Burning Toast and a Smoke Detector
Other red flags are more specific.
Toby Bishop, a forensic accountant who spent 20 years at Arthur Andersen before becoming director of Deloitte’s Forensic Center, advises CFOs, auditors and regulators to “look for unusual relationships between related items.” These tip-offs include any otherwise unexplainable anomalies between cash flows and reported earnings, the ratio of depreciation and amortization charges to balance sheet assets, and any sudden “ballooning” of the number of days sales that are in accounts-receivable status.
While that last indicator can sometimes reflect the creation of “fictitious receivables” for use in manipulating earnings, he notes that there can be many explanations for this occurrence, such as when a “large customer has suddenly stopped paying,” or the addition of a new client from a part of the world where it “may be common to take 180 days to pay bills.”
With currently available fraud detection tools often involving as many as 20 of these indicative ratios, false alarms typically occur some 90% of the time. So there’s a “tradeoff between detecting a large proportion of fraud versus having a large proportion of false alarms,” he says. “Just like a good smoke detector, it sometimes goes off when someone burns the toast. That can get distracting.”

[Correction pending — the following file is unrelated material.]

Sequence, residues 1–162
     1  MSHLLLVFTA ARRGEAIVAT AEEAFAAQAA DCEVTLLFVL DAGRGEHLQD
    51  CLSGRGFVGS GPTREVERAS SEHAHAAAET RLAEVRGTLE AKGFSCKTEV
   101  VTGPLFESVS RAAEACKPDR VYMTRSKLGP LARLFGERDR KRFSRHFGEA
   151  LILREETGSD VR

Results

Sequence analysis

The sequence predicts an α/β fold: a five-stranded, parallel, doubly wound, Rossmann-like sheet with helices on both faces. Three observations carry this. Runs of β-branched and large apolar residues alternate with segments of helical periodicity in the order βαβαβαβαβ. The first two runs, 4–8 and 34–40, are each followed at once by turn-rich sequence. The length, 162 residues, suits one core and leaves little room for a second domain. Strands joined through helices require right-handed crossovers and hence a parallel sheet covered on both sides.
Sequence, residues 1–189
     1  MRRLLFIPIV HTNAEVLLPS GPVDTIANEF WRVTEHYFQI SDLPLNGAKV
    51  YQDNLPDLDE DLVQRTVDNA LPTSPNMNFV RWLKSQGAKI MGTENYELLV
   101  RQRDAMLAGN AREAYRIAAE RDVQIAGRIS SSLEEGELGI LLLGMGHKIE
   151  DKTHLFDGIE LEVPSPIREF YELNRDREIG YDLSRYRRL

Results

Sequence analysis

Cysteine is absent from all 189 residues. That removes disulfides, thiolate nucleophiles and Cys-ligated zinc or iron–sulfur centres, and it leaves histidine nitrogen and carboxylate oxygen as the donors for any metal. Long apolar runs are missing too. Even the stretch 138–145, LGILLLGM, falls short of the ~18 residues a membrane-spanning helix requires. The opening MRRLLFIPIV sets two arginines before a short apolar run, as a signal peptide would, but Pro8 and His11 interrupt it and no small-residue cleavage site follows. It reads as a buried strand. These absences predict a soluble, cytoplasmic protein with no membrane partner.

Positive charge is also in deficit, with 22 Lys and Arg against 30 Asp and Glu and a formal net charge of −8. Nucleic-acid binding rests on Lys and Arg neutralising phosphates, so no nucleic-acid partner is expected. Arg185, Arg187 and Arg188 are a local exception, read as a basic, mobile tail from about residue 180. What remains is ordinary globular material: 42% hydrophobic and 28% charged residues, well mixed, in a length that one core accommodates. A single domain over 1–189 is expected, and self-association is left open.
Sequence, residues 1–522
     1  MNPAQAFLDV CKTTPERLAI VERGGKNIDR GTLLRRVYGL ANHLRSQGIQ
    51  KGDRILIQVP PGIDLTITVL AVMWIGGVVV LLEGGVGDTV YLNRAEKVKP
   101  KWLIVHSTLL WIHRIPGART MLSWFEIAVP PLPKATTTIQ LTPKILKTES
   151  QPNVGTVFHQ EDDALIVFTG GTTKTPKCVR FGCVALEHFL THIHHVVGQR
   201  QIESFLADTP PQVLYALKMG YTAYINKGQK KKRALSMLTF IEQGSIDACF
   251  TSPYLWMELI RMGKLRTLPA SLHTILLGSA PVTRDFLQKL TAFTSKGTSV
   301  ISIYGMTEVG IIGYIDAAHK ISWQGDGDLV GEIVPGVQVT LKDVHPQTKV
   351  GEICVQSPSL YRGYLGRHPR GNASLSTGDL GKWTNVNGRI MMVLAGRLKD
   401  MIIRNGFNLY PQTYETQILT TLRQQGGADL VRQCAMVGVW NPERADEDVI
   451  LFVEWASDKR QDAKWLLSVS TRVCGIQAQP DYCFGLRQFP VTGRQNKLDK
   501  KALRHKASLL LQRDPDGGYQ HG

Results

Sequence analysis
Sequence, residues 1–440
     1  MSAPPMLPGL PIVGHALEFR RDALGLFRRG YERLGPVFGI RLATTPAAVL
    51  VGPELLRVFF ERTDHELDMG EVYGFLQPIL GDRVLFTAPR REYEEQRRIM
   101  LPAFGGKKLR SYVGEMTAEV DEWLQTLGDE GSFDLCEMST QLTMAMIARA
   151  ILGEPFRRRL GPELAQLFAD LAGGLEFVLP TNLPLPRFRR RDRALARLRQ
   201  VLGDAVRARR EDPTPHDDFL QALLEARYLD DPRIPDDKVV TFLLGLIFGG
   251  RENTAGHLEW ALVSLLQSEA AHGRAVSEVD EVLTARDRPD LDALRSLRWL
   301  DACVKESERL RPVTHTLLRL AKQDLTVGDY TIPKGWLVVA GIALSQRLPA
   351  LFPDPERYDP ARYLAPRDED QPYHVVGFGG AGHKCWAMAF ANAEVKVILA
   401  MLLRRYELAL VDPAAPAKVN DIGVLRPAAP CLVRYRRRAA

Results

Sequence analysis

‘Cooking’ with Pasta
Bishop cites Messod Daniel Beneish, a professor at Indiana University’s Kelley School of Business, as one of the researchers currently engaged in “tweaking” the tools used to analyze these indicators. Beneish’s working relationship with Bishop was enhanced, the professor says, when his “model flagged Enron for [its audit firm] Arthur Andersen before the debacle” that resulted in Enron’s collapse.
Lately, though, Beneish has been involved with a new fraud indicator based on a case growing out of research into American Italian Pasta Co. (a turn of events that left one former student amused, he says, by the irony of a food-production company cooking the books.)